[Python-ideas] SyntaxWarning for for/while/else without break or return?

Steven D'Aprano steve at pearwood.info
Fri Oct 9 04:10:01 CEST 2009

On Thu, 8 Oct 2009 07:57:38 pm Stefan Rank wrote:
> Hi,
> a suggestion/question related to the discussion about renaming
> for/else and while/else:
> Is it easy to generate a SyntaxWarning if you use these constructs
> without a break or return statement in the loop? AFAICS, any such
> usage would be either wrong or unnecessary. (right?)

-1 on such a warning. This sort of check belongs in PyLint or 
equivalent, there is no need to complicate the compiler and make it 
part of the language.

The compiler should be nicely lean and simple and not try to guess what 
the user's intention is. for...else with no break is legal code, if 
there's no break inside it, it is still legal code.

> This would both help prevent wrong usage because of a false intuition
> and, if adequately and prominently documented, would help those
> interested in learning about for/else while/else.
> Easily doable? Maybe even make it a SyntaxError?

-1000 on making it a SyntaxError. SyntaxErrors are for things which are 
WRONG, not for things which are unnecessary or redundant or pointless.

Should this be prohibited too?

for x in seq:
    if 0: break
    print "whatever"

What happens when the break is under a __debug__ test? The same source 
compiles to two different byte-codes, one of which has break, the other 
doesn't. Given this:

code = compile("""for x in seq:
    if __debug__: break
    print "no break"
""", '', 'exec')

this is the byte-code you get running normally:

>>> dis.dis(code)
  1           0 SETUP_LOOP              20 (to 23)
              3 LOAD_NAME                0 (seq)
              6 GET_ITER
        >>    7 FOR_ITER                 7 (to 17)
             10 STORE_NAME               1 (x)

  2          13 BREAK_LOOP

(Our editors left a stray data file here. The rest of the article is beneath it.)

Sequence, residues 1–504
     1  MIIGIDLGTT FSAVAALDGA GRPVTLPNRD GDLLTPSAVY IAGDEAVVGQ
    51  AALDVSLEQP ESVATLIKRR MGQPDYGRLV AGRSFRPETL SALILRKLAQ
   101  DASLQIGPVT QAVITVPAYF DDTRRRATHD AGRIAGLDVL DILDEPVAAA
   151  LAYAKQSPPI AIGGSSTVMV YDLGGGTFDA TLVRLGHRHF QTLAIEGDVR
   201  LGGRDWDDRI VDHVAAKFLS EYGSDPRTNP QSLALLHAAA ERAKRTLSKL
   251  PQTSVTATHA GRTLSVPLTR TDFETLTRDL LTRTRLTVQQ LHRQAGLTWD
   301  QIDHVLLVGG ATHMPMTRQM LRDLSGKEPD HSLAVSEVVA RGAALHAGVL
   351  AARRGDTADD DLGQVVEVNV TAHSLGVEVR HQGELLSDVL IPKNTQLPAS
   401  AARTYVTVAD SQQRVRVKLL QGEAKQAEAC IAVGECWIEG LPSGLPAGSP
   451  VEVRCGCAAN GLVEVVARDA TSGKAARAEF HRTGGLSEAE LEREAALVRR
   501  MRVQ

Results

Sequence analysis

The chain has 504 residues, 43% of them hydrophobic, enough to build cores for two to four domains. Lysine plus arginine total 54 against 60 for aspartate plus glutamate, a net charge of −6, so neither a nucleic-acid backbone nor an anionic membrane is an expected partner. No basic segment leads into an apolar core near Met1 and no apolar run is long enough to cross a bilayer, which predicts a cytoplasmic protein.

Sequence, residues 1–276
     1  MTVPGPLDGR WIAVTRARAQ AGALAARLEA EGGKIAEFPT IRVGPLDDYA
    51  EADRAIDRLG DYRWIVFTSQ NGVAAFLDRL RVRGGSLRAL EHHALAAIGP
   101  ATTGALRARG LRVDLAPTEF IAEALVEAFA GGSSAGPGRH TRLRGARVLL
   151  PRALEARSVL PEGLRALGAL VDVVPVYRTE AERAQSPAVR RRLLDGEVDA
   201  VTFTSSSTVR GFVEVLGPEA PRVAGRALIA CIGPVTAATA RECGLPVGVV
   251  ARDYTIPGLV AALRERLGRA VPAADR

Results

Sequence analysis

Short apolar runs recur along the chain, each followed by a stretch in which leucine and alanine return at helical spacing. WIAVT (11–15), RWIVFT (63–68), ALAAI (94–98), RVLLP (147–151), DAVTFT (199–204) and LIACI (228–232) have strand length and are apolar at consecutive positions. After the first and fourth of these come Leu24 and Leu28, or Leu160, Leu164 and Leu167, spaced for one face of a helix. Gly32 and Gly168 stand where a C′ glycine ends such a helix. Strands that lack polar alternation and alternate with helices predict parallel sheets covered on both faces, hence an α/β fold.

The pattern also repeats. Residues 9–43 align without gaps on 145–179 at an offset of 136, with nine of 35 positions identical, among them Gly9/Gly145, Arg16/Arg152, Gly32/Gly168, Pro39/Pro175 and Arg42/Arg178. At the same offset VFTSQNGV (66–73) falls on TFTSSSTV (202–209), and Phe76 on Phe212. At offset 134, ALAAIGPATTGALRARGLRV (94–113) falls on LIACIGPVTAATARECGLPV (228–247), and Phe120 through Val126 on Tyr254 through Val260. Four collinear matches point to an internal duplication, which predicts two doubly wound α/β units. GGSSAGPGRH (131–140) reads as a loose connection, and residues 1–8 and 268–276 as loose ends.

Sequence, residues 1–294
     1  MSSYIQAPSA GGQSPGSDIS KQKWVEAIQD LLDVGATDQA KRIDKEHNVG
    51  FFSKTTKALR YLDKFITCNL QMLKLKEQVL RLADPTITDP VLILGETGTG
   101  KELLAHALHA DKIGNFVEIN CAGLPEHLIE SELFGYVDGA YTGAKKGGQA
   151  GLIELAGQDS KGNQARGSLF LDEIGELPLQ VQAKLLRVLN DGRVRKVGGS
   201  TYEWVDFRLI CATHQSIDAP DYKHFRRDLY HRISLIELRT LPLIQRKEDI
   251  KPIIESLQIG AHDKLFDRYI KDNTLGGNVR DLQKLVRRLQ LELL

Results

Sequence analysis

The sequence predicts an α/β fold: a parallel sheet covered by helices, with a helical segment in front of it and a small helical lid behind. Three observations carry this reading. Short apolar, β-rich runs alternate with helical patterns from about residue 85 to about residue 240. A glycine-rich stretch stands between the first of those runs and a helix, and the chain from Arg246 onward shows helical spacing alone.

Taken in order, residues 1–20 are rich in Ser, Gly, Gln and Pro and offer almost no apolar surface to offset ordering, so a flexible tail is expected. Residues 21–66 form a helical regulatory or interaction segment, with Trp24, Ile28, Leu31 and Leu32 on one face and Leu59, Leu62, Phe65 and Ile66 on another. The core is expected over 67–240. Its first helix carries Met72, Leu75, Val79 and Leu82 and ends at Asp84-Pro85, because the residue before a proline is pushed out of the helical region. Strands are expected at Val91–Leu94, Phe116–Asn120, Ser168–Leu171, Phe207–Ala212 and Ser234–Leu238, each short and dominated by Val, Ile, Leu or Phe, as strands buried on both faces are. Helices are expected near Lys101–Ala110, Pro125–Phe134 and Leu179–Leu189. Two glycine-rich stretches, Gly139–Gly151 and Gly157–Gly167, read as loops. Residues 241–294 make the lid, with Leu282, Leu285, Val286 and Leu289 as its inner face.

14 JUMP_ABSOLUTE            7
        >>   17 POP_BLOCK

  4          18 LOAD_CONST               0 ('no break')
             21 PRINT_ITEM
             22 PRINT_NEWLINE
        >>   23 LOAD_CONST               1 (None)
             26 RETURN_VALUE

and this is what you get running under python -O:

>>> dis.dis(code)
  1           0 SETUP_LOOP              19 (to 22)
              3 LOAD_NAME                0 (seq)
              6 GET_ITER
        >>    7 FOR_ITER                 6 (to 16)
             10 STORE_NAME               1 (x)

  2          13 JUMP_ABSOLUTE            7
        >>   16 POP_BLOCK

  4          17 LOAD_CONST               0 ('no break')
             20 PRINT_ITEM
             21 PRINT_NEWLINE
        >>   22 LOAD_CONST               1 (None)
             25 RETURN_VALUE

No break in the second case. So now we have choices:

* Code which runs fine normally becomes a SyntaxError when running 
with -O.

* for...else does not require a break when running with -O, but does 
require it without -O.

* We pile complication on top of complication and make an explicit 
exception for tests like if __debug__: break -- which means that we 
still have for loops with no break that run perfectly fine!

* Stop optimizing if __debug__ tests.

All four of these alternatives are unacceptable.

Steven D'Aprano

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